Bored with your same old dull hair color? Trying to spice it up a bit? Trying to create a new persona? Or maybe you feel like your hair doesnít match your personality? Or maybe youíve been asked to dye it for a performance?
And if you do decide to dye your hair, oh the choices you must face! Cinnamon? Cinnamon spice? Or cinnamon stick?! They may not sound that different, but that slight distinction in redness could be the difference between beautiful and a not-so-beautiful disaster. And think of the social repercussions of such a mis-choice!
I myself have faced this daunting fear before. First I was just bored, so I thought, aha! I shall dye my hair! After days of searching through CVSí stock of hair dyes, I decided that I had chosen just the right shade. Only a slightly darker brown. I didnít want to be too risky, after all. (Yes, I was thinking of the humiliation of accidentally dying my hair black. I would not do well with black). And it was great! I loved the color, though in reality it was not much different from my natural color. Looking back, I think my pleasure came more from the adrenaline of taking a risk.
So I was pleased. Mother, however, was not. Besides the fact that she liked my natural hair color better, she was, of course, quite unsettled by the fact that I had used hair dye bought at CVS. My arguments: I used semi-permanent. It didnít smell bad. I used Natural Instincts. So it must be OK. (Though I knew that it probably wasnít; in my memory, nothing name brand was OK in my household).
Unfortunately, the outlook for any future hair dying excursions was looking pretty bleak: Motherís arguments made much more sense than mine (shocker). Apparently, hair dyes have chemicals, too! Bad chemicals. Very bad chemicals. So bad, in fact, that Europe banned 22 chemicals found in market hair dye in 2006, with over a hundred under review for their dangers.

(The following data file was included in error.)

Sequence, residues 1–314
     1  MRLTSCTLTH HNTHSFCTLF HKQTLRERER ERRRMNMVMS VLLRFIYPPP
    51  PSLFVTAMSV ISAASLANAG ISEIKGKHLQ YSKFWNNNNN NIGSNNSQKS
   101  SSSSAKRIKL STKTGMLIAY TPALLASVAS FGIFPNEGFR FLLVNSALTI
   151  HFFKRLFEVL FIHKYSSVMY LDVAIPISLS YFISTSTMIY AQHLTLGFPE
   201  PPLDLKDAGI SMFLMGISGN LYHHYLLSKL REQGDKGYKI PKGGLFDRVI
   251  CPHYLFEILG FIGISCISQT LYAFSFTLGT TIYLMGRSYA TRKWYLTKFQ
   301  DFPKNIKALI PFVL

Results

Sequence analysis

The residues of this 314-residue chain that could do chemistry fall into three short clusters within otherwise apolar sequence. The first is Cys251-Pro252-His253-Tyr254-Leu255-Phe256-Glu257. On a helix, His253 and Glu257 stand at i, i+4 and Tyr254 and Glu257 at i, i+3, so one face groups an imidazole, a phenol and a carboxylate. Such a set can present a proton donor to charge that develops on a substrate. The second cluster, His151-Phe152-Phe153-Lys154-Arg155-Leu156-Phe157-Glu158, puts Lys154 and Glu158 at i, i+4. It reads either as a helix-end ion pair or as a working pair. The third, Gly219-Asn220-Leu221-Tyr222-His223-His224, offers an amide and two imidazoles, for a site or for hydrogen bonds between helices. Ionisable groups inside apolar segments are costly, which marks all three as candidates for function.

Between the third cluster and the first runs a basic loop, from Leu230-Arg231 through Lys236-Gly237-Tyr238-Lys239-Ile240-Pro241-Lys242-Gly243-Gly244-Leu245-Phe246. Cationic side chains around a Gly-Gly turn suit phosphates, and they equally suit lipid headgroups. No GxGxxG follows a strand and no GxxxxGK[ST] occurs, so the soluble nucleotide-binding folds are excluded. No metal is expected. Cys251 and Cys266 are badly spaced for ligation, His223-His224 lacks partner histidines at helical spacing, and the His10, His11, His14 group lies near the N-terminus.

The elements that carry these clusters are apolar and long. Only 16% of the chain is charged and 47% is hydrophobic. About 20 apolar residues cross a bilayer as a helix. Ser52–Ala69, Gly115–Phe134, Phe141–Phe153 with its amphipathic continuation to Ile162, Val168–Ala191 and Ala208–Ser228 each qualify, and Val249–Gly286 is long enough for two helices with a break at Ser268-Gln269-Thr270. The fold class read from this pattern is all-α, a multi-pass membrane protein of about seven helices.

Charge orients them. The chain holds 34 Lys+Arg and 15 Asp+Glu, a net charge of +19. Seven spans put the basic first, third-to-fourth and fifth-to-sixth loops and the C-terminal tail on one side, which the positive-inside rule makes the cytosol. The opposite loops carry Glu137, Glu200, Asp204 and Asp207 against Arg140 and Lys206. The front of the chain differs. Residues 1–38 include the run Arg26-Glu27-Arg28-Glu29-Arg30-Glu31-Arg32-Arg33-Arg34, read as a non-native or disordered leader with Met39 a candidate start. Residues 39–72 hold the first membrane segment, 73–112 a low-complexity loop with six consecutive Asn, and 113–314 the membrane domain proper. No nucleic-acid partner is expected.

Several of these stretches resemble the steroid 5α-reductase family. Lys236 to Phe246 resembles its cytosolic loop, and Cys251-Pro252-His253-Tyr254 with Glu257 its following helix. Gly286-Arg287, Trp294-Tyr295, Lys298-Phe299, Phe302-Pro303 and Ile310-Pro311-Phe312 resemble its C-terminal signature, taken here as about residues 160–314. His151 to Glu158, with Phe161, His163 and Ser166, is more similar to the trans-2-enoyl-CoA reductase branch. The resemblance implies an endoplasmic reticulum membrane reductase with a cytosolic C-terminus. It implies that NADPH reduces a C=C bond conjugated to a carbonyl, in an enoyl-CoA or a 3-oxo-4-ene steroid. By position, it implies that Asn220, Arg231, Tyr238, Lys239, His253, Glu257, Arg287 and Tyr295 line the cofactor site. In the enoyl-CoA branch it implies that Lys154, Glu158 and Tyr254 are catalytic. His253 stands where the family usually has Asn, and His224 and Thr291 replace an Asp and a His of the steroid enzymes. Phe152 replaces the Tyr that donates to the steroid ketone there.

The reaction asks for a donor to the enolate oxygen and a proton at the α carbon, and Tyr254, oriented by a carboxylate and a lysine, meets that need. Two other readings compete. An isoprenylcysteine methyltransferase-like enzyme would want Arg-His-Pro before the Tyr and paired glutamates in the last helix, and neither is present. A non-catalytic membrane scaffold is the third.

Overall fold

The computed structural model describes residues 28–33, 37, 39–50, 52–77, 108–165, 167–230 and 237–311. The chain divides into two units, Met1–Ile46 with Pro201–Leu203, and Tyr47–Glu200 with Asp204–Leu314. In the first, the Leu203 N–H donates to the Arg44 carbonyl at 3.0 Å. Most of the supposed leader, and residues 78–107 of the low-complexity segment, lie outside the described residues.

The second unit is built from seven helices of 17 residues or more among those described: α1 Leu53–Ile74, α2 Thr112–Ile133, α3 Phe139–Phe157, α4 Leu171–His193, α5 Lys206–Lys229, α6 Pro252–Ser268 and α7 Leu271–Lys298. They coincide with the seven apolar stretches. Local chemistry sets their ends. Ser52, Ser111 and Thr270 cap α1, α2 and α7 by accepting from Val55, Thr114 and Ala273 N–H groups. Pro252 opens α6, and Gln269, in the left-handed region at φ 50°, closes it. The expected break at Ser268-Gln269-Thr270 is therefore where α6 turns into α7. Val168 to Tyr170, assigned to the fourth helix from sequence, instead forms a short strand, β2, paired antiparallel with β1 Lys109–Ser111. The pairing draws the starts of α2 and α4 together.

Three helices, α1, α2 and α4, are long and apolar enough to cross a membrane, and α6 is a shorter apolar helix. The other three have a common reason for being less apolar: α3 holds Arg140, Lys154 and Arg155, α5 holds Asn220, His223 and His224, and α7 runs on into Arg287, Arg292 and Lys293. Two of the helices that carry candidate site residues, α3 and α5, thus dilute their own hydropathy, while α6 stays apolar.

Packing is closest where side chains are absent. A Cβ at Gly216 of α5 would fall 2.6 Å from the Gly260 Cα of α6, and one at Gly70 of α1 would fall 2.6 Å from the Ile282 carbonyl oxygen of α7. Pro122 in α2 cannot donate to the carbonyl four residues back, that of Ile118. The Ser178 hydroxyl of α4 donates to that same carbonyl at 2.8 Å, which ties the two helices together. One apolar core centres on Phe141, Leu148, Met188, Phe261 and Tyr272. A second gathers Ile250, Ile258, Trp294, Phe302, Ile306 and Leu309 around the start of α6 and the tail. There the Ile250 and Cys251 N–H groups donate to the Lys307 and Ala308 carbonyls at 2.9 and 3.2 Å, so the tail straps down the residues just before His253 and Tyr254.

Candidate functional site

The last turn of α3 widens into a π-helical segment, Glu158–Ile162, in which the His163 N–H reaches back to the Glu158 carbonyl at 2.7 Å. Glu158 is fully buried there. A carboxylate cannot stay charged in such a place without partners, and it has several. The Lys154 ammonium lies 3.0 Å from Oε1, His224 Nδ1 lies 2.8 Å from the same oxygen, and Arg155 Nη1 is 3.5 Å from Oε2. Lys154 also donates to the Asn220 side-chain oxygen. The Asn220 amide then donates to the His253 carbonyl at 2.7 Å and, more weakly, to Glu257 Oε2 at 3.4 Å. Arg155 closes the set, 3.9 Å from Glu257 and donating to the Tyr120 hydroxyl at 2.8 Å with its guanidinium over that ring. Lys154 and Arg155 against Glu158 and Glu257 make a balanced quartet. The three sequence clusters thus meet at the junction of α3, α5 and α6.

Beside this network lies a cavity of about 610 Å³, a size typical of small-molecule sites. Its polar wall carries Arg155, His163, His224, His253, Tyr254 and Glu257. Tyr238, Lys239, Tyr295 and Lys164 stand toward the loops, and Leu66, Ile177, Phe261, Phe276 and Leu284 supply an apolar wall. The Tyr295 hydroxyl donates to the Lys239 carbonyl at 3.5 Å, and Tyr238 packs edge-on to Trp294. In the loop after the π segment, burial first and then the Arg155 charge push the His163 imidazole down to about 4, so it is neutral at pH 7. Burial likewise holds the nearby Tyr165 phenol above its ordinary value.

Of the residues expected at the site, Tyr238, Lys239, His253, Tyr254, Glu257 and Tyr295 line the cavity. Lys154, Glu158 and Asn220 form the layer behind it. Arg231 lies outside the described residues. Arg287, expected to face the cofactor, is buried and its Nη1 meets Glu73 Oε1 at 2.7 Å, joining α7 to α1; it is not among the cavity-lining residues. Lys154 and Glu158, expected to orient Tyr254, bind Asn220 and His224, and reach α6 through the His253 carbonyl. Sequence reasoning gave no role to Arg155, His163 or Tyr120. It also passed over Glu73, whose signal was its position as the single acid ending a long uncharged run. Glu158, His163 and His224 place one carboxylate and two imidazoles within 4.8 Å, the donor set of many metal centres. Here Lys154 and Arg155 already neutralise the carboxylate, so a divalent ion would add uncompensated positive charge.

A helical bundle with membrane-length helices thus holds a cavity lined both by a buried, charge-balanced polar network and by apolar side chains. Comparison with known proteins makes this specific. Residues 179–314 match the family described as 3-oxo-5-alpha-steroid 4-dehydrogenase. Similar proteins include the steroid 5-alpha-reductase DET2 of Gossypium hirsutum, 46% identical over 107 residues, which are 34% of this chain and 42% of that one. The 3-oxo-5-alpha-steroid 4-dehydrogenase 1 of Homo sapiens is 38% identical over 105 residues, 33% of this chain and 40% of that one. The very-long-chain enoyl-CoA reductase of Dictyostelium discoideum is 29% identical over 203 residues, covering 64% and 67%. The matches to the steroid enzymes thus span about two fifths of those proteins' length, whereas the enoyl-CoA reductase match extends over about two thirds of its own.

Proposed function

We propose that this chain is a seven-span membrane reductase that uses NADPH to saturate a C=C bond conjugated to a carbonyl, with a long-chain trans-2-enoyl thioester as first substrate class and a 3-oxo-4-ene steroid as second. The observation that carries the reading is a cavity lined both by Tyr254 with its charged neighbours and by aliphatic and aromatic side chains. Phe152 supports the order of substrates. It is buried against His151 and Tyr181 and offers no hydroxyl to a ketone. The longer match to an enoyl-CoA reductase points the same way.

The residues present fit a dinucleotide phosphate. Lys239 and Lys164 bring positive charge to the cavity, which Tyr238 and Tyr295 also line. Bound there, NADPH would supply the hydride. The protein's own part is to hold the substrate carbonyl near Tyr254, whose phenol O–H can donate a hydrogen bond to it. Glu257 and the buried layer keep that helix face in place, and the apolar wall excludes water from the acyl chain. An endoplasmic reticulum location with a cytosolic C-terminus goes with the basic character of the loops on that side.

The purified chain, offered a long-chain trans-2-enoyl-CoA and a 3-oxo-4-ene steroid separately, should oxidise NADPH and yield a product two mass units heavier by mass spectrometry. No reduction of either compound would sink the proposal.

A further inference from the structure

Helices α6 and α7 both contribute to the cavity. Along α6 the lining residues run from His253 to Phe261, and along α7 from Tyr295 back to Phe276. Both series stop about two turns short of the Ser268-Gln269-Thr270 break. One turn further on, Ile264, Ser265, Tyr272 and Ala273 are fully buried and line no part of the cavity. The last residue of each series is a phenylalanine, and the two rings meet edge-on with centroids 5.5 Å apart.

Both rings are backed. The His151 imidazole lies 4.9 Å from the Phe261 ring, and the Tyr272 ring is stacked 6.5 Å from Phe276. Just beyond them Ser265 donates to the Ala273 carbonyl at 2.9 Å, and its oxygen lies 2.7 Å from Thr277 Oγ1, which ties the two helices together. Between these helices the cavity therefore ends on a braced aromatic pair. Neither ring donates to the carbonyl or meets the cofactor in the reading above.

The worst chemical? Lead acetate. Letís just talk about this for a second: Lead acetate is a color additive used in progressive hair dyes in America. Research also happens to lead to the conclusion that lead acetate is dangerous for your health in pretty much every way possible. Cancer? Check. Developmental and reproductive toxicity? Check. Allergies? Check. Neurotoxicity? Check. Violations of government restrictions? Check. Oh, and the list goes on.
While most hair dyes are not going to be this bad (progressive hair dyes are most popular with men), please do check and make sure that lead acetate is not an ingredient in your favorite hair dye. Other hair dyes, however, do point to the possibility of being carcinogenic, especially for dark permanent colors.
Instead, you might want to try a dye that has fewer to none of possibly carcinogenic chemicals. Aveda is a good dye, though not perfect. The healthiest that I know of is Herbatint, which you should be able to buy in any health food store.
Note to self: Make sure hair dye doesnít turn into hair die.
Not to readers: Do share your own hair dye stories.
Lily Berthold-Bond grew up in a chemical-free zone and has struggled her whole life to understand and accept this non-commercial lifestyle. Now a freshman at Tufts University, she has embraced her green life and hopes to share its possibilities with the rest of her generation.